Monday, June 26, 2017

Main Street Pokē

I have been excited to try Main Street Pokē since my hairdresser next door told me it was coming soon. I met my friend Suzanne there, as she lives close by and had already been several times and liked it. So it’s set up in the Chipotle style, where you go down the line and pick what you want in your bowl. There are A LOT of choices to make, so you may want to look over the menu online before you go. It’s like healthy fast food though; so don’t expect a fancy restaurant or anything.

The first and most important choice is your size and protein. You can get small, medium and large bowls (2, 3, and 4 scoops of protein respectively). They are $9.95, $11.95 and $13.95 with a few upcharges on certain items. There are several proteins to choose from, but I am guessing the most popular (and I would even go so far as to say probably the best) choices are the tuna and salmon. You can either get it marinated or plain. There are also things like tofu, chicken, beef, cooked shrimp, and even hamachi and unagi, but for me, I was focused on the tuna. I had the medium bowl with marinated tuna (you can also mix your proteins). You get to choose your base as well. I had half steamed rice and half mixed greens. They also offer brown rice or potato chips. Then, there are the toppings—starting with the first sauce over the fish. I chose the house, which is a soy-based sauce with some ponzu. I then added green onions, seaweed salad, avocado (+.50), marinated shitake mushrooms, and they give you a scoop of spicy crab as well. Then you can add some crunch (I had sesame, furikake and fried onions) and a topping sauce. I did half spicy mayo and half miso delicious. (I told you there are lots of choices—and there are tons more options than I described). 

So what did I think? I actually really love this concept—and I really enjoyed my bowl. I wouldn’t make any dramatic changes, although I would like to try the salmon next time. I was torn about whether I preferred the rice or the greens better, so I think I might just stick with the way I ordered it—half and half. I would probably skip the seaweed salad, just because there were just so many things going on, I didn’t really think I needed it. Surprisingly, even though I think the spicy crab is not real crab, it was pretty tasty and I would get it again. I thought the tuna was good quality and everything tasted very fresh. Honestly, I can understand why Suzanne says she often goes multiple times in a week, because if it were close to me, I would probably eat here a lot. There would be a ton of carry out going on. I really like to eat this kind of food, and I like that you can make a bowl that is very healthy if you want, but still has a ton of flavor. I overheard staff mention they are opening one in Fishers, which is awesome—but I would like to request one near Castleton if possible. And I bet a downtown location would do well too. But I am happy that they have opened up and appear to be doing very well. If you like this kind of food, you should check it out.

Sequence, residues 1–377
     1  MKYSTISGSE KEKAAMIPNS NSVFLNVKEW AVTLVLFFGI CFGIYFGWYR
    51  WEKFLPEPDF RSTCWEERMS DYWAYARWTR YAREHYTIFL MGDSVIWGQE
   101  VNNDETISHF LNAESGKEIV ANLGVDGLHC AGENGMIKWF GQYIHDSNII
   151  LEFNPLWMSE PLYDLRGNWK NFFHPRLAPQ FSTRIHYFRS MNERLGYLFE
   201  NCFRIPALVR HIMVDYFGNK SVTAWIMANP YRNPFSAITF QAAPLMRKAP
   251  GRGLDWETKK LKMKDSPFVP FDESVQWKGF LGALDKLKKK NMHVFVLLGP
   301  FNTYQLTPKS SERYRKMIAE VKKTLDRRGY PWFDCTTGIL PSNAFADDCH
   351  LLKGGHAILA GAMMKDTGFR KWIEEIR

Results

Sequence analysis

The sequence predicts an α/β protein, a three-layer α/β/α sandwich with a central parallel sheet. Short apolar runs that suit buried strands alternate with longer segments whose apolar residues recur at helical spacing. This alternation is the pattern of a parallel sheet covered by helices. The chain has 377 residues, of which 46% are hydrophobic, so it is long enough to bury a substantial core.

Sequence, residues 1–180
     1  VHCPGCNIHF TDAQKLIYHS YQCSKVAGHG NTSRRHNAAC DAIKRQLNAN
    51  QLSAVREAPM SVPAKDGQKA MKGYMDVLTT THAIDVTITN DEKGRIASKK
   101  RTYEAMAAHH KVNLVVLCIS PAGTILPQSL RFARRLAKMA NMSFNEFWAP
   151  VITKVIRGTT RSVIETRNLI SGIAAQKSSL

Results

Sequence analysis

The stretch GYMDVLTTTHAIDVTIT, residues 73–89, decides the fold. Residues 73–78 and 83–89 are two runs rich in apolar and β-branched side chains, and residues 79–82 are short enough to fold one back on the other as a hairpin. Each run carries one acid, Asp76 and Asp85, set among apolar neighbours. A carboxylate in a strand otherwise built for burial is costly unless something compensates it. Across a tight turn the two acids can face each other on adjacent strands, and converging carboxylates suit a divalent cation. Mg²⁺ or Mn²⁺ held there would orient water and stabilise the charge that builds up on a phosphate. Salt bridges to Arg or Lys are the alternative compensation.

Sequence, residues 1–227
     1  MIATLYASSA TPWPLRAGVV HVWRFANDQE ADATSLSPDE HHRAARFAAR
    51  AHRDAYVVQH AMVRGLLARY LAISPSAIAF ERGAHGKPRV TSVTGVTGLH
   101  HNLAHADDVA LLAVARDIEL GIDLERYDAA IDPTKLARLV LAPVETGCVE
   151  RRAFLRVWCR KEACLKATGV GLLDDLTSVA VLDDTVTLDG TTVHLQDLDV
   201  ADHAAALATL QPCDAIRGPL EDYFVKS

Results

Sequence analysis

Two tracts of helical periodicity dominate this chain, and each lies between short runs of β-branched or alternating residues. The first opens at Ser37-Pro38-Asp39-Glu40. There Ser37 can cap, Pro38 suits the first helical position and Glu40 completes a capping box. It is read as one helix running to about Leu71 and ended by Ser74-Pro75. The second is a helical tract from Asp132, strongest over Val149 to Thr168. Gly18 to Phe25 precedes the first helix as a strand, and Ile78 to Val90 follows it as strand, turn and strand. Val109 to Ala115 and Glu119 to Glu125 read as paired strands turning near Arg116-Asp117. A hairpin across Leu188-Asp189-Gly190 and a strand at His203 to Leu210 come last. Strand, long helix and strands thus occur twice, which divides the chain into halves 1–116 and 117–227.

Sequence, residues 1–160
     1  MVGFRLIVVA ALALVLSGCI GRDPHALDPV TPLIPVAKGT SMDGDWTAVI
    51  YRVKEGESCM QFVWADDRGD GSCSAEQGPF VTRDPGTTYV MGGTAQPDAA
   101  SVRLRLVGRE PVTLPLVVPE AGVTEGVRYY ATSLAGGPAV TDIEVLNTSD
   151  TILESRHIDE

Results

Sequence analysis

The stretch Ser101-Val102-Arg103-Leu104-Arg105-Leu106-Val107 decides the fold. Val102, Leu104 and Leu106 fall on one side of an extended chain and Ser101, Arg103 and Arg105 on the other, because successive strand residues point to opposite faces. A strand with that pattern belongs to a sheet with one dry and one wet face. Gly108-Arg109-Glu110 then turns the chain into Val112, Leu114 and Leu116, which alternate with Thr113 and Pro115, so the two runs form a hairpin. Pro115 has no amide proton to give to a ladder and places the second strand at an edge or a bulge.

Main Street Pokē
110 West Main Street #106
Carmel, IN 46032
317/564-0908
www.mainstreetpoke.com  

Thursday, June 22, 2017

U.S. Adventures: Austin, Texas

For spring break this year, the family and I headed back to Austin to see our good friends who moved there a couple years ago. If you’re a regular reader, you will know our last trip last May didn’t go too well—hubby broke his arm and I didn’t get to go to my number one choice of restaurant because we headed home early. 

That restaurant was Uchiko, and it was fabulous. One of the best meals I have had in awhile for sure. I love the small plates concept because you can try even more things. And we certainly did. They do sushi, but a ton of other Japanese options as well. Probably one of my favorite dishes of the evening was the take nabe ($18). It was like a soft porridge with dashi and lots of different mushrooms and a runny egg. I loved the intensity of the flavor of this one. Loved the hama chili as well, which was sashimi of yellowtail with orange, thai chili and ponzu ($18.50). Hubby thought it was a bit bland, but if you ate it with the pieces of orange, it was fabulous. Delicate, but really good. The table all loved the fried caramelized Brussels sprouts with fish sauce, lemon and chili. I don’t think I have ever tasted Brussels sprouts that tasted so rich. And they remained crispy despite everything going on. And wagyu on a hot rock with ponzu ($17)? You can’t really go wrong. You barely sear it and then eat it. The special nigiri was great as well. One of the sushi rolls was tasty, while one was weird and my least favorite thing. The “shag” tempura roll ($14) with salmon, avocado, sundried tomato and sumiso was great. The ham and egg roll ($10) with pork belly and egg custard was not so good. It fell flat. The tempura grouper that was a special was fine, although just didn’t stick out. The desserts on the other hand were as tasty as they were beautiful ($8-$9 each). We really didn’t need three of them, but we ordered them anyway. Just look at them. They were great. I want to go back tomorrow.